When to use your credit card (and when not to)

Want to become a savvy credit card user? You have come to the right place. This article explains when to withdraw your credit card and when to keep it hidden.

We will also talk about surprising places that do accept credit cards, as well as a few places that do not. Use this handy guide to make sure you always know how to answer the question: “And how are you going to pay today?”

When to use your credit card

There are a few situations where using a credit card can pay off big time. Before you get too enthusiastic, remember two important caveats:

  • Be sure to check your credit card policies before going this route. Not all credit cards are alike.
  • If you don’t pay off the entire balance at the end of the month, this seemingly innocent purchase will end up costing you dearly.

Expensive items

Throwing that big-screen TV on your credit card might seem a bit risky, experts say, but it might actually be the smartest move. Here’s why: Most credit card companies offer certain protections that can be useful when making large purchases. These include fraud protection, as well as the ability to dispute charges in the event of an error. Some credit cards even offer automatic extended warranties on certain purchases. A large purchase can go a long way toward your rewards total if you have a rewards card.

Other credit cards offer introductory periods of 0% APR for new purchases for 9 to 21 months. This means that if you make a large purchase, you can pay it off for a fixed period of time without earning interest. It’s a great way to save money on any major planned purchases.


Many hotels use credit cards to make reservations. There’s another reason you might want to use your card to book travel: check to see if your credit card includes secondary travel insurance. Another bonus? Some travel rewards cards offer additional rewards for travel-related purchases.

Also: Best Marriott Credit Cards: Enjoy Extra Travel Perks

Purchases made online

Many protections are in place for online shoppers using credit cards. Some cards also offer additional coverage in case the item arrives damaged or does not arrive at all. Make sure you are shopping on a secure site and be sparing with your personal information.

When you shouldn’t use your credit card

On the other hand, there are a few instances when using a credit card is a bad idea. Consider the following:

Student loans

It’s an expensive item, right? Still, the expensive item clause only works when you can pay off the balance at the end of the month. Since student loans are inherently repaid over time, credit cards are not the ideal tool. Even with rising interest rates on student loans, these interest rates are still lower than most APR credit cards.

Also: How to build good college credit

Medical bills

Medical bills can be overwhelming, and sometimes a credit card is the best option. However, be sure to talk to your healthcare provider or insurance company first; many offer payment plans that will keep the overall cost lower than interest-heavy credit card payments.

Anything that will inspire you to carry a balance

The biggest no-no when it comes to credit cards is spending beyond your means. If this big splurge means breaking your budget and carrying a sale, ask yourself if it’s really worth it.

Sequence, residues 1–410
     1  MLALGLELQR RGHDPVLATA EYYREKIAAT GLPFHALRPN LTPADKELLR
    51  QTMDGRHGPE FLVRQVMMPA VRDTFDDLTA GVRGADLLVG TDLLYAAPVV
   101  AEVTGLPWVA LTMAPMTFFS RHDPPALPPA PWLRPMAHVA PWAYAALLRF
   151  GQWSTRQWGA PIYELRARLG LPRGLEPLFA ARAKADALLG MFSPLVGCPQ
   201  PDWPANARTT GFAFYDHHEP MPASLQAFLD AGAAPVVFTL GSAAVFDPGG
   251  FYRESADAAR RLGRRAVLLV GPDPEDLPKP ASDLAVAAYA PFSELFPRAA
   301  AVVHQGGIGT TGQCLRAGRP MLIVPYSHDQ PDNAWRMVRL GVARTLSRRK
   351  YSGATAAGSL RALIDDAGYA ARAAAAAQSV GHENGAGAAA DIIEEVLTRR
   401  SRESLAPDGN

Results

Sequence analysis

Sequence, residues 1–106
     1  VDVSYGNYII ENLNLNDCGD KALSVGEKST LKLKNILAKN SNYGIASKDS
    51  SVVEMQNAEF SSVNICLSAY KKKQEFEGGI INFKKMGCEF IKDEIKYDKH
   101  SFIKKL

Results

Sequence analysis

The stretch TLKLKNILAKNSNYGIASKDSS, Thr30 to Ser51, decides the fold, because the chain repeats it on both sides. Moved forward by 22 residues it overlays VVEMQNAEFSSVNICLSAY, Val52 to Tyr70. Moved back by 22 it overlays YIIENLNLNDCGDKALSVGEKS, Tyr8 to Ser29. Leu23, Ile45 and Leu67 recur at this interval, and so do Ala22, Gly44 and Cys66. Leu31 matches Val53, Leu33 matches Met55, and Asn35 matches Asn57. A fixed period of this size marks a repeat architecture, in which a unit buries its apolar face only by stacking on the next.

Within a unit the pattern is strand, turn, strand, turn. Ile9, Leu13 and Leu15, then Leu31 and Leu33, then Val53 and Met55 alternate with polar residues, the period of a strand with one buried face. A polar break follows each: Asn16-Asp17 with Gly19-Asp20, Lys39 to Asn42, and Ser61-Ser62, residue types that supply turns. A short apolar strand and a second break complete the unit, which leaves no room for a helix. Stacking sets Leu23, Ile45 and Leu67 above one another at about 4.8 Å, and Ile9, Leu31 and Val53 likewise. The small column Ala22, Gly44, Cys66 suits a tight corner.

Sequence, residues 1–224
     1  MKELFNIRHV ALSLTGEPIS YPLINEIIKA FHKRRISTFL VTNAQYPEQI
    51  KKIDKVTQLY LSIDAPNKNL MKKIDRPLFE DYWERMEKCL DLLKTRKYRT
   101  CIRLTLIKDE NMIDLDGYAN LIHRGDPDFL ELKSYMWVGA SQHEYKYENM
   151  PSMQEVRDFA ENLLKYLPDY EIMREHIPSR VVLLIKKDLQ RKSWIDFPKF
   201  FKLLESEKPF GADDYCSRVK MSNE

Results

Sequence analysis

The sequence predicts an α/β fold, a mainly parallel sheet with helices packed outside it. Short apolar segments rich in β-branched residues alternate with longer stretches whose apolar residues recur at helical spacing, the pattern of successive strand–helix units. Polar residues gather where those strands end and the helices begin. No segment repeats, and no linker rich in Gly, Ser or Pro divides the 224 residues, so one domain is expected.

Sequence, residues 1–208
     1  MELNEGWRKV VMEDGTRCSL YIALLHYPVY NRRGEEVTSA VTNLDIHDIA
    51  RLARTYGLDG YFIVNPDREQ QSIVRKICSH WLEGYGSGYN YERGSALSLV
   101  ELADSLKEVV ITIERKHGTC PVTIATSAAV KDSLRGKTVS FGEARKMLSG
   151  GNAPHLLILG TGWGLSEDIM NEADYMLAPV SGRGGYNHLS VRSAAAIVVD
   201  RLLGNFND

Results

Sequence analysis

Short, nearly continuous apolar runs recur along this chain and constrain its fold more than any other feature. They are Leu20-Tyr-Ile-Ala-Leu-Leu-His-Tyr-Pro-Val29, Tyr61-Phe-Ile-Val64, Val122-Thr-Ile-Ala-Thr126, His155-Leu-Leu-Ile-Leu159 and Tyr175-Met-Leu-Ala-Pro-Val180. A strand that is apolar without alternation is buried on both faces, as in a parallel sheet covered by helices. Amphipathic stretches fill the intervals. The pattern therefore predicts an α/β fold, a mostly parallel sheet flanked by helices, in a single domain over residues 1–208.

Surprising reasons to use your credit card

Here are a few cases where, contrary to popular belief, the use of a credit card is actually encouraged:

To rent

Many landlords are increasingly willing to accept credit cards for rent. There are several reasons to consider this option. First, it helps build your credit. Second, this option allows you to make instant payments (no postage or courier delays). Finally, you may be able to earn rewards.

Monthly invoices

You might want to see if your gym membership, cable, cell phone, or utility bills can be placed on a credit card. In some cases, you can even schedule automatic monthly payments. This not only helps with budgeting and keeping up to date on payments, but it can also provide the same benefits described in the rent section above.

As always, this option works best if you’re a budget star who plans to pay off the full balance each month.

Also: How to create a budget with your credit card

Purchase you probably can’t make with your credit card

Credit card issuers typically charge retailers and service providers a fee, which is why some places, especially small businesses, simply won’t accept cards. There are also a few other categories of purchases where your credit card won’t be welcome:

New cars

These credit card company fees are on top of buying a new car, so it’s no surprise that most car companies don’t accept credit cards.

Also: Can you buy a car with a credit card?

Lottery tickets

This time, it is the card issuers who prohibit purchases. Some card issuers specifically prohibit the purchase of lottery tickets (but others allow it). Check with your card.

Tuition fees

We’ve discussed the dangers of putting student loans on a credit card; if you pay directly to the school, they are unlikely to take your card because of the fees.

Gambling chips in a casino

Let’s be honest: it’s a good thing that casinos don’t accept credit cards in exchange for gambling chips. This could lead to heavy losses multiplied by high interest rates.

[This article was first published on The Simple Dollar in 2020. It was updated in March 2022.]

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